On 3rd October, the Annual General Meeting was held in the Large Lecture Room, Mr. Redston taking the chair. G. Bloom was elected secretary and J. Colquhoun, E. R. Monypenny, N. R. Marshman, J. W. O. Bridges, C. H. Breese and J. N. Blackhurst, members of the committee. The chairman acknowledged the good work of past secretaries, and of Richmond in particular. Votes of thanks were proposed to the former president, Mr. Shorter, and to Mr. Redston for accepting the presidency. After receiving suggestions for visits, the meeting ended.
A visit to the works of the British Oxygen Company, was the first this term. Here the processes for preparing cylinders of pure oxygen, were seen.
Air is drawn into two " caustic " towers, down which caustic soda solution is sprayed, to remove carbon dioxide and other impurities. Thence it is compressed in four stages to thirty or forty atmospheres pressure. This done, it passes through tubes surrounded by the outlet tubes for the waste nitrogen ; thus cooling the incoming air, and freezing out any water. The now cooled air is made to do work, as it suddenly expands to four atmospheres pressure in a machine whose controls were coated with clean hoarfrost. This sudden expansion cools the gas to such an extent that it liquefies. The liquid now passes to the top of a fractionating column, a tower, four feet across, containing layers of fine gauze, and packed round with cotton-wool to reduce loss of " cold". The nitrogen, which escapes from this tower is used to cool the incoming gas. The liquid oxygen is allowed to evaporate, and is compressed into cylinders, as is coal gas obtained from the Sheffield Gas Company.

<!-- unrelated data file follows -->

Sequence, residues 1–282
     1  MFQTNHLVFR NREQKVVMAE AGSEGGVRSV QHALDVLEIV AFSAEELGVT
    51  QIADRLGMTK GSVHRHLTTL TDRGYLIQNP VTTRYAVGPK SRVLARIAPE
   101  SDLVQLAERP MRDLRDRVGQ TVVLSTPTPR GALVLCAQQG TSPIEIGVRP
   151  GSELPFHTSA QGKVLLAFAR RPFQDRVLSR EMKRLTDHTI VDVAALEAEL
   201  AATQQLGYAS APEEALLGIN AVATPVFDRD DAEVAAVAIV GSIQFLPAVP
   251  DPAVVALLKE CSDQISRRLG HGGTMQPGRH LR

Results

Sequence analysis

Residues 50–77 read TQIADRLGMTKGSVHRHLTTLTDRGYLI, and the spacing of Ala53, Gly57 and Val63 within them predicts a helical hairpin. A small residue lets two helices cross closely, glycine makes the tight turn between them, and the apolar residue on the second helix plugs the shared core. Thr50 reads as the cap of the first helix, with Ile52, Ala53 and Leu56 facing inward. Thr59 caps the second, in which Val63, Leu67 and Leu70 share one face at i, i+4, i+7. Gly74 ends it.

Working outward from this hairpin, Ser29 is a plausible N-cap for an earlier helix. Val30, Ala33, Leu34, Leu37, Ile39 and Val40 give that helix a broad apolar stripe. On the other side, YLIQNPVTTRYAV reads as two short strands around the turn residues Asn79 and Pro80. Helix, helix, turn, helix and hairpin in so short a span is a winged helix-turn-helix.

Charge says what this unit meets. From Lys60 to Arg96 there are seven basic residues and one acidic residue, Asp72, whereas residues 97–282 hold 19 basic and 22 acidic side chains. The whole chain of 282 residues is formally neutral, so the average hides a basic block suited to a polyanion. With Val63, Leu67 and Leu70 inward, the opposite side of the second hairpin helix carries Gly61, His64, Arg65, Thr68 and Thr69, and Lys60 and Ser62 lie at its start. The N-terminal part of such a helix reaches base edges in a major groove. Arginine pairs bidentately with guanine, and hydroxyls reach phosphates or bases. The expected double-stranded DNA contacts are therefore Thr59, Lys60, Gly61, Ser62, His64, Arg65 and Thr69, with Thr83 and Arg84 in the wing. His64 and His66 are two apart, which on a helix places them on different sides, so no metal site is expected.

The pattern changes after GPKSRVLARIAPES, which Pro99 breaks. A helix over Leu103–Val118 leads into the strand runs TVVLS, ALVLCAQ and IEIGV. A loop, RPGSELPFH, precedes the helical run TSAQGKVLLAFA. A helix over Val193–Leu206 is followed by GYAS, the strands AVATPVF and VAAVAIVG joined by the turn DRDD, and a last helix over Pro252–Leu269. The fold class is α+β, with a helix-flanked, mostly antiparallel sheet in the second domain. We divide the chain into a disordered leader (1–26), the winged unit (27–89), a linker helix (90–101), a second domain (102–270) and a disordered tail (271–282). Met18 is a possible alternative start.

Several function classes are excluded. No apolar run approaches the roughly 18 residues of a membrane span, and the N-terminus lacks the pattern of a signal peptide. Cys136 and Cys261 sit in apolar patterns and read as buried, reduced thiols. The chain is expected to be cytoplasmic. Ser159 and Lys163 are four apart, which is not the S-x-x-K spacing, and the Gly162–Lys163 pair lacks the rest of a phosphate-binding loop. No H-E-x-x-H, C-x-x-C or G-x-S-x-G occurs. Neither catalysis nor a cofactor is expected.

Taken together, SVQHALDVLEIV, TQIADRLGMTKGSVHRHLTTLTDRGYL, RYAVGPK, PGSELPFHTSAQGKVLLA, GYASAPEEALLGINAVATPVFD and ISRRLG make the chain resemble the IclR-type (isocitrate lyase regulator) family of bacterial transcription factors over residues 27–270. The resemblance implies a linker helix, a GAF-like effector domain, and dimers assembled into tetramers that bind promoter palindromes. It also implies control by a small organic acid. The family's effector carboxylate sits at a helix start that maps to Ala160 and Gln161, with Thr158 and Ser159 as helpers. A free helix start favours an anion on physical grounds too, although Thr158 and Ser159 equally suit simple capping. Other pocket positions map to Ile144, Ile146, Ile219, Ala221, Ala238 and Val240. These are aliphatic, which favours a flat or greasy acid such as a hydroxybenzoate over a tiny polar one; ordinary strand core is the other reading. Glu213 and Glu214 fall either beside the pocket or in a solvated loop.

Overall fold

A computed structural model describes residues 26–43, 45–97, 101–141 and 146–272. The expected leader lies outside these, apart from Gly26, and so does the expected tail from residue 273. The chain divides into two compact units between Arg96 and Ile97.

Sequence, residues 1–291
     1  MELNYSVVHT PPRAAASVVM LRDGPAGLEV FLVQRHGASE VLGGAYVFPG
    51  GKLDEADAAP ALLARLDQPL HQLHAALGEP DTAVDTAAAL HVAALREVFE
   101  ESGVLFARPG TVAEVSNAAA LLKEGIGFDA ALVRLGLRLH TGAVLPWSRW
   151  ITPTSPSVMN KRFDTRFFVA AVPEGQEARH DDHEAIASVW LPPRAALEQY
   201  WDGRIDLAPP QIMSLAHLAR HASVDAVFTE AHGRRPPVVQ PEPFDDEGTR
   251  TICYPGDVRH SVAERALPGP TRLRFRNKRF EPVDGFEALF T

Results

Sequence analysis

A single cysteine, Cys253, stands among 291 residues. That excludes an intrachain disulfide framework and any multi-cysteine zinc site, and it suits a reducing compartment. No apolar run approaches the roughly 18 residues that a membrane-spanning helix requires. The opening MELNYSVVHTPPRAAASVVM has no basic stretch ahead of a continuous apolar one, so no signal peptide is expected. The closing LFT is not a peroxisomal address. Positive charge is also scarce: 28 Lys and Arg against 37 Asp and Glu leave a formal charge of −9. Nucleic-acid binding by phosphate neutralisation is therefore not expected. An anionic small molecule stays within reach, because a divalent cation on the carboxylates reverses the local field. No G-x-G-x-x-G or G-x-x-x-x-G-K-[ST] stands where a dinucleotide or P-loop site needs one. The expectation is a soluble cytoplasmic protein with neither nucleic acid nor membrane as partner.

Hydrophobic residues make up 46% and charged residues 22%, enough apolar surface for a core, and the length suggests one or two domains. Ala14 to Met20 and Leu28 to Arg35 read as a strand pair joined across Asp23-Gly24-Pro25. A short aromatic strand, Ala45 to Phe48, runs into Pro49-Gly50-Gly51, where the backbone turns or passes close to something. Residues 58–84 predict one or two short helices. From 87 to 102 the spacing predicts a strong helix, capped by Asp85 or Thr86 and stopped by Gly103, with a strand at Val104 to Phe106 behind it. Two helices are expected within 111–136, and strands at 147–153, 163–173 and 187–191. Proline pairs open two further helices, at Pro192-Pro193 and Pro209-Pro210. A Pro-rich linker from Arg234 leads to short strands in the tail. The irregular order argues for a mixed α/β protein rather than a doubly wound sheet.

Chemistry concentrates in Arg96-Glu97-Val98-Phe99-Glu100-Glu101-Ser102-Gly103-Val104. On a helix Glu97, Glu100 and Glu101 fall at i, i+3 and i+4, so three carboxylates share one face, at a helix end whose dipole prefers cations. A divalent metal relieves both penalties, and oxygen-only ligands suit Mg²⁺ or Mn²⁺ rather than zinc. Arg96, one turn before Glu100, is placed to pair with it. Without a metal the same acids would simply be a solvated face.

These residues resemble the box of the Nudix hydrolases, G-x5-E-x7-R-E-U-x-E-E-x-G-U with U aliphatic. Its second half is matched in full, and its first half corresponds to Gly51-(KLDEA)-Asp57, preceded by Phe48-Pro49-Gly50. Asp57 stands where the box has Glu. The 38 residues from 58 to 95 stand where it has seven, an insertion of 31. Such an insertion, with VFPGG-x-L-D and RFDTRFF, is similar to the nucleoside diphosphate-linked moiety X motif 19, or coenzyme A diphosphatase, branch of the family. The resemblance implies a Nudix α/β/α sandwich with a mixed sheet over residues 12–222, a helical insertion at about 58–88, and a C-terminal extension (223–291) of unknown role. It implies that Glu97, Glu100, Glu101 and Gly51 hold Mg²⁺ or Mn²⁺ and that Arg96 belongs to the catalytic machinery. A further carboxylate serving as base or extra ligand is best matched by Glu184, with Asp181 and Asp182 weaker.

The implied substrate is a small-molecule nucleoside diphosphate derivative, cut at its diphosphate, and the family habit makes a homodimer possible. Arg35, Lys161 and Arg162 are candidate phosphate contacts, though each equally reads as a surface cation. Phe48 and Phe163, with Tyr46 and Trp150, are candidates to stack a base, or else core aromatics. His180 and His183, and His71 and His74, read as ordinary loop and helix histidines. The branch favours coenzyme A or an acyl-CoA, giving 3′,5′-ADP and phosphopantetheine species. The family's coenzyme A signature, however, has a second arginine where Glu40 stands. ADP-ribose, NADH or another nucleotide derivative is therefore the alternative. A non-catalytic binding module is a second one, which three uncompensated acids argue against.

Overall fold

Our guide performed a number of interesting experiments with liquid oxygen. He dipped a piece of rubber tubing into it, and broke the tubing by hitting it against the floor. Some liquid oxygen, placed in a teapot containing water, boiled vigorously, emitting clouds of " steam". If poured on to water, it forms basins of ice as it boils.
Yet another part of the works was the cylinder testing department. Here the cylinders are subjected to a pressure much greater than any they have to withstand in use. They are filled with water, which is then compressed-the one we were shown was tested to one and a half tons per square inch, when the tester had to tap it with a hammer to see if it would burst.